Total Hip Arthroplasty
The robotic arm technology enables a new level of accuracy in implant alignment and positioning – that may mean restored mobility and a return to your active lifestyle.
This technology offers the potential for a higher level of patient–specific implant alignment and positioning to accurately reproduce the surgical plan, an aspect not consistently achieved in manual techniques. Accurate alignment and positioning of hip implants are important factors affecting surgical outcomes and the lifespan of implants.
If your surgeon determines that you are a good candidate for the Mako procedure, he or she will schedule a computed tomography (CT) scan of your hip one or two weeks prior to your surgery date. Then, a patient-specific 3-D model of your pelvis and femur from the CT scan is created pre-operatively to plan optimal implant placement. During surgery, the RIO guides the surgeon in preparing the hip anatomy and positioning the implants. Real-time data and images allow surgeons to know and control accurate implant placement, which can be difficult to achieve using traditional manual techniques.
- Accurate placement of the hip implant can reduce the likelihood of hip dislocation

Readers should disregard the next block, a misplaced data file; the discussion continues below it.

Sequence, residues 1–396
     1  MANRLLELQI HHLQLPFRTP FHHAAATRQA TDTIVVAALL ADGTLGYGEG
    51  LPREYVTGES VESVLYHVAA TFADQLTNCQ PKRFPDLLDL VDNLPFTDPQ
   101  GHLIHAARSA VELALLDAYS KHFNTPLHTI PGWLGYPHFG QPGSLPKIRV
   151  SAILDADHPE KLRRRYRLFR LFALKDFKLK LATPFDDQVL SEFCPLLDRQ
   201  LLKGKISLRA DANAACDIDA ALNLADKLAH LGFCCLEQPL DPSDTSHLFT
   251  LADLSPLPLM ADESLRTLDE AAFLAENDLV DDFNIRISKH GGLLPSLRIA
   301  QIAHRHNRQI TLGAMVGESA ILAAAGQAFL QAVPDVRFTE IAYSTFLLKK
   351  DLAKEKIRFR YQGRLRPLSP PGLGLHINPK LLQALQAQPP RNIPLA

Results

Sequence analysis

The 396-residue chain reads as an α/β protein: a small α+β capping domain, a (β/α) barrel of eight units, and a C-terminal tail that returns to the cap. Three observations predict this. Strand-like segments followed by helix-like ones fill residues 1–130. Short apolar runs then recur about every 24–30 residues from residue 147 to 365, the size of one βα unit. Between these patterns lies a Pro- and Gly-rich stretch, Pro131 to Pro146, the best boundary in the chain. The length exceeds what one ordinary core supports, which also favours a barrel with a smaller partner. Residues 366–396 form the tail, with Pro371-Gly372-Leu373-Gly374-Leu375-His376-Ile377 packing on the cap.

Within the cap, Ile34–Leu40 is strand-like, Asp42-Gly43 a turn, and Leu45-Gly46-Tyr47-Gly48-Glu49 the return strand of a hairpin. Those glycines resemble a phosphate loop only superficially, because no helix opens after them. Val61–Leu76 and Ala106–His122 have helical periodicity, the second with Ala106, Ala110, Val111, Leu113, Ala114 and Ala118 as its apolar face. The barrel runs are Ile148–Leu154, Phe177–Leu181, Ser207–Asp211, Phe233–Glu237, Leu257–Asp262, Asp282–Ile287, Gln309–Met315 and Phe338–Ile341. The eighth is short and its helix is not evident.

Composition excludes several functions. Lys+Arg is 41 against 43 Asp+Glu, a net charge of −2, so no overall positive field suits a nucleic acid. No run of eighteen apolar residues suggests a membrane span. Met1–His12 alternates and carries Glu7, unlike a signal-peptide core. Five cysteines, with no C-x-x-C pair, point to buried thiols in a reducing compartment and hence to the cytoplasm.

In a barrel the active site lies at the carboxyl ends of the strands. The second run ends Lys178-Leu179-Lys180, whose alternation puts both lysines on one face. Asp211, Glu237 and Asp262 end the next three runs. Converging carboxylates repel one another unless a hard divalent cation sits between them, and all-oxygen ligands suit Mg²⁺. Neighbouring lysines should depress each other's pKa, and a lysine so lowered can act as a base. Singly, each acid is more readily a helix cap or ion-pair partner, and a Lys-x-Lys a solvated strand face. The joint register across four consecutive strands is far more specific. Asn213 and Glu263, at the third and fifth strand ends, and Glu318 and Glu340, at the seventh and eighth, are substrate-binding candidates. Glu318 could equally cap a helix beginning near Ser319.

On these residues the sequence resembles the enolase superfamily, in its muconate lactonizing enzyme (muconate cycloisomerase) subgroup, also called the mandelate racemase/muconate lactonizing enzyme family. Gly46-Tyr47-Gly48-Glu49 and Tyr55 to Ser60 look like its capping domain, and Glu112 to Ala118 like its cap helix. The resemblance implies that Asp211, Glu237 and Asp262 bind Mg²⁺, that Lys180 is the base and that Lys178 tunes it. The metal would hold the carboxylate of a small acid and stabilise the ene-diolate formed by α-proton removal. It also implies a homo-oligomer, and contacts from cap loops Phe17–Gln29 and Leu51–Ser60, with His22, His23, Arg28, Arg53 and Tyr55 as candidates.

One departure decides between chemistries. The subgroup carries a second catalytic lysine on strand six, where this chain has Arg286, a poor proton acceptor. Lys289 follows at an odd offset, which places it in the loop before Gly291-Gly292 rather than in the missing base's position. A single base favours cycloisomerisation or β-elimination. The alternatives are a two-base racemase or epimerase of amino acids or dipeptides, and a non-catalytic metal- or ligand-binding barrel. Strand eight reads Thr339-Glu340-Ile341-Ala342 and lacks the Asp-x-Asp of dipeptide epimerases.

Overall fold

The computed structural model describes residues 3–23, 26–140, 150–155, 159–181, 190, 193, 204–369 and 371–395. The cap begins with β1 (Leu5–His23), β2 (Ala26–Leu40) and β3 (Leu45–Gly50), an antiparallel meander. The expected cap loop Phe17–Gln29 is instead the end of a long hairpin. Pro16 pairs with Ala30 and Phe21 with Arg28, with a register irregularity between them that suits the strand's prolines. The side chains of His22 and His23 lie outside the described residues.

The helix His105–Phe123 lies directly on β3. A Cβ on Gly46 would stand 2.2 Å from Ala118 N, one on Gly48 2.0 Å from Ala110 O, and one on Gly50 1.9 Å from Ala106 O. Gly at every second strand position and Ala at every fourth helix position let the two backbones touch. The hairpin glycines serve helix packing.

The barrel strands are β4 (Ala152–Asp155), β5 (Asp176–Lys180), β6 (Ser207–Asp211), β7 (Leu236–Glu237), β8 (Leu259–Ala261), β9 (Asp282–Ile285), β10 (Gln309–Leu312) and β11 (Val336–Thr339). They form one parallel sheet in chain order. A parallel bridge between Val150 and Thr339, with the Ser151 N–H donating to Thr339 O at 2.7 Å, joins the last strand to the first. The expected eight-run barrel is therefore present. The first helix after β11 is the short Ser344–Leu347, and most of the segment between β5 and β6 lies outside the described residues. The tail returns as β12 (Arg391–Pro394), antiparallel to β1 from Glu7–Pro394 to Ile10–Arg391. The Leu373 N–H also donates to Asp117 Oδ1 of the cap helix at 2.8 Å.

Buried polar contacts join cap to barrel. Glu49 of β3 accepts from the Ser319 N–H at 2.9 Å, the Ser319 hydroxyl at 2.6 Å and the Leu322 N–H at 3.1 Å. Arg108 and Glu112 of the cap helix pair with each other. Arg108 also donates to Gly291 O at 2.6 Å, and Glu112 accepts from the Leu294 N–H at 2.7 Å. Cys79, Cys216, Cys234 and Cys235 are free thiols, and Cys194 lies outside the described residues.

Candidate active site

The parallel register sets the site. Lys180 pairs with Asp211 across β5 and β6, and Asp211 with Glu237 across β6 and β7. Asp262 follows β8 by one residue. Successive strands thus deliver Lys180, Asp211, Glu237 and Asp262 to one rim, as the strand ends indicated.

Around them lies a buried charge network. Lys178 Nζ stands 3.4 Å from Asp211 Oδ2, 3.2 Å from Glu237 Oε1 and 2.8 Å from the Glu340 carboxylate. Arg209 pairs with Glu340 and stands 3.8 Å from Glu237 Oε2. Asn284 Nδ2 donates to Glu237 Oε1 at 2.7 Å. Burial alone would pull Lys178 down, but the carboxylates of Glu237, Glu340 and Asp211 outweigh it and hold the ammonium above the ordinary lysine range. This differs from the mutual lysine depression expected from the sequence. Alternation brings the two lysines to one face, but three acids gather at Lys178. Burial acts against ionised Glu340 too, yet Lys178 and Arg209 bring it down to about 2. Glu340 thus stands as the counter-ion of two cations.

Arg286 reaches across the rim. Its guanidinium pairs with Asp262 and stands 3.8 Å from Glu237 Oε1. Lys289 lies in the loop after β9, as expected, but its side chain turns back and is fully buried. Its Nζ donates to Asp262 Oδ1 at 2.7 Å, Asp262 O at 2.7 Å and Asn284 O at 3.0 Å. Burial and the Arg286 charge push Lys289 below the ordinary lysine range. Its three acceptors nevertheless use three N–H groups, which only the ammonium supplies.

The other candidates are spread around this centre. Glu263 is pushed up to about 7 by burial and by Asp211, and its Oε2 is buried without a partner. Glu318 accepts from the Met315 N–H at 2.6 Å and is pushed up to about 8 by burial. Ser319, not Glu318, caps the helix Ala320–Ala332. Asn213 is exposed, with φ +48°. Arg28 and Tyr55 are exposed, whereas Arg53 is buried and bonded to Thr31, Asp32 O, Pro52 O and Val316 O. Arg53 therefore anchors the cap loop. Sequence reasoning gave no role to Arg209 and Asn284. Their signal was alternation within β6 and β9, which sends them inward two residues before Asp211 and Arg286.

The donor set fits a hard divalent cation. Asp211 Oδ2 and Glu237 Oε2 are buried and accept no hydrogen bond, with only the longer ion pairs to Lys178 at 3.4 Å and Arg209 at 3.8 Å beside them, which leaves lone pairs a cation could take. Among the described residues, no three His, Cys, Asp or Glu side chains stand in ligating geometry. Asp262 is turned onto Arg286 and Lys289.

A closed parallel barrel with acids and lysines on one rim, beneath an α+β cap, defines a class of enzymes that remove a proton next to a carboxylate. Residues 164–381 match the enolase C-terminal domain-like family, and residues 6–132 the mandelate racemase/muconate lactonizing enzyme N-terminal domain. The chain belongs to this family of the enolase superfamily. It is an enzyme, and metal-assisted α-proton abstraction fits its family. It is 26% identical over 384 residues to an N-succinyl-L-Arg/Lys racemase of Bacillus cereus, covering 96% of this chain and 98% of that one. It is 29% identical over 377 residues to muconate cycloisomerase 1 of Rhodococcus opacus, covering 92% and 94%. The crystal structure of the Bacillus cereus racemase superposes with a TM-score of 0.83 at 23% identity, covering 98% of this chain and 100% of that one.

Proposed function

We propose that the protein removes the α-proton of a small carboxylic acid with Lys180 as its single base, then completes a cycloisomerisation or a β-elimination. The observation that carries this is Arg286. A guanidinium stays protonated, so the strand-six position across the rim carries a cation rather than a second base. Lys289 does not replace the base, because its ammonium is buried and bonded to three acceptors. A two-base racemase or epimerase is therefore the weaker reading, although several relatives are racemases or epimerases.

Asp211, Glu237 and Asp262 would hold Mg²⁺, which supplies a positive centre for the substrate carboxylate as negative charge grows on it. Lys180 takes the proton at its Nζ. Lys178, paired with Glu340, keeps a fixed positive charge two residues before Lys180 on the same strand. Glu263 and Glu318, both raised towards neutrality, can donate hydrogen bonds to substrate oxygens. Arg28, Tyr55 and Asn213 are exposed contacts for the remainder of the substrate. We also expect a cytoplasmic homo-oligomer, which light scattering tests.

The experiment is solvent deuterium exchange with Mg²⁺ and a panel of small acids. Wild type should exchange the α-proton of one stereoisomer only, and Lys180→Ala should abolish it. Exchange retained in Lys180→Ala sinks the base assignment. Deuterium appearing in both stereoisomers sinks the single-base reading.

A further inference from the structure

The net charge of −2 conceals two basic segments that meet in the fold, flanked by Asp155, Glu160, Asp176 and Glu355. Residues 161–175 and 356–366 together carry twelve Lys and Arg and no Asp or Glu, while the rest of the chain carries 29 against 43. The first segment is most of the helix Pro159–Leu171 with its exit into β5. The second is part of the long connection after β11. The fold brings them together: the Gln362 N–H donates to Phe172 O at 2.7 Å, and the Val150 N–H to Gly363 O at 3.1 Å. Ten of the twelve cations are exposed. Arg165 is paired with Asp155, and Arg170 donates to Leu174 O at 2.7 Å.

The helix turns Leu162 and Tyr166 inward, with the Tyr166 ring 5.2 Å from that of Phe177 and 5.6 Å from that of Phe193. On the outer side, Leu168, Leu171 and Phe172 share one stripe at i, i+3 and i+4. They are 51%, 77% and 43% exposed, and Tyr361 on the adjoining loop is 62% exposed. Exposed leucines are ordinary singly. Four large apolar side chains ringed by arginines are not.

- More consistency in leg length
- Potentially decreasing the need for a shoe lift
- Decreased risk of the implant and bone abnormally rubbing together – this may improve the life of the implant
Individual results may vary. There are risks associated with any hip surgical procedure, including Mako Total Hip Replacement. Your doctor can explain these risks and help determine if Mako Total Hip Replacement is right for you.
A typical hospital stay for a total hip replacement is determined by your Mako surgeon. Your surgeon will also determine what physical therapy may be prescribed for you.
All implants have a life expectancy that depends on several factors, including the patient’s weight, activity level, quality of bone, and compliance with his/her physician’s orders. Proper implant alignment and accurate positioning during surgery are also very important factors that can improve the life expectancy of an implant. Through the use of the RIO robotic arm system, implants may be more optimally aligned and positioned.
Only your surgeon can determine if you are a candidate for Mako Total Hip Replacement. A candidate for Mako Total Hip Replacement may experience the following:
- Pain while putting weight on the affected hip
- Limping to lessen the weight-bearing pressure on the affected hip
- Pain that may radiate to the groin, lower back, or down the thigh to the knee
- Hip pain or stiffness during walking or other impact activities
- Failure to respond to non-surgical treatments or nonsteroidal anti-inflammatory medication.